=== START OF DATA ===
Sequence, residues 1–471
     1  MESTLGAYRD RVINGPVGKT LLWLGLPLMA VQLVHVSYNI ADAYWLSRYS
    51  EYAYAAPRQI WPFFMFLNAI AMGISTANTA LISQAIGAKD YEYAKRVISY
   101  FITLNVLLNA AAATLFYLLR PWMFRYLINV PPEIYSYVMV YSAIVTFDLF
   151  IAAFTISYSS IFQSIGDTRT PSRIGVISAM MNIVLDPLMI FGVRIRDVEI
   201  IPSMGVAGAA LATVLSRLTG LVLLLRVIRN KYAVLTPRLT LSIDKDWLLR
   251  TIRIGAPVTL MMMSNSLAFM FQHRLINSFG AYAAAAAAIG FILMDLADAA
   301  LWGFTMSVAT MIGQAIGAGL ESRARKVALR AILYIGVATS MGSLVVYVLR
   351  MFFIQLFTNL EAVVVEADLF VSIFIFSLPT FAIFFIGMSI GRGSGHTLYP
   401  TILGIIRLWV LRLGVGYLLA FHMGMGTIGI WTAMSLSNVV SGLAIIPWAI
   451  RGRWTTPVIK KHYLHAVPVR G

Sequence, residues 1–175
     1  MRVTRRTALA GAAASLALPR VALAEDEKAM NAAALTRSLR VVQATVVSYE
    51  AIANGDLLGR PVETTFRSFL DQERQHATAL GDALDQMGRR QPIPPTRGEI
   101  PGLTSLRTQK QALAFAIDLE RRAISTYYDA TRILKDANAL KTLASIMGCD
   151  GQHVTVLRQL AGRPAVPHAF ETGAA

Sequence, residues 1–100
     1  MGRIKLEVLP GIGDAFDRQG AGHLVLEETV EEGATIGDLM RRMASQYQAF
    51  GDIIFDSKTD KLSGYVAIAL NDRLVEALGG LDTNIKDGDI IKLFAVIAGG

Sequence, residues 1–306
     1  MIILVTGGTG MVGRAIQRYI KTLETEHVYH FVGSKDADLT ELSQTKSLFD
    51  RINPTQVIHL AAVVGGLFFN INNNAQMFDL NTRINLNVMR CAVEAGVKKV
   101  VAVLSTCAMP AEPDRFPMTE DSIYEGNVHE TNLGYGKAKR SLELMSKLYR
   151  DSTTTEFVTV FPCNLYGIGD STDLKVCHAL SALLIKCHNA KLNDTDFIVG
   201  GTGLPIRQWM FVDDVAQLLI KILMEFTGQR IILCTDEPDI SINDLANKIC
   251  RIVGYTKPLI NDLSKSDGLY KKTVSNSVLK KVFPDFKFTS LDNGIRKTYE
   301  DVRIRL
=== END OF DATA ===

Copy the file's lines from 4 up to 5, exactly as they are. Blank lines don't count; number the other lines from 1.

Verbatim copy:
   101  FITLNVLLNA AAATLFYLLR PWMFRYLINV PPEIYSYVMV YSAIVTFDLF
   151  IAAFTISYSS IFQSIGDTRT PSRIGVISAM MNIVLDPLMI FGVRIRDVEI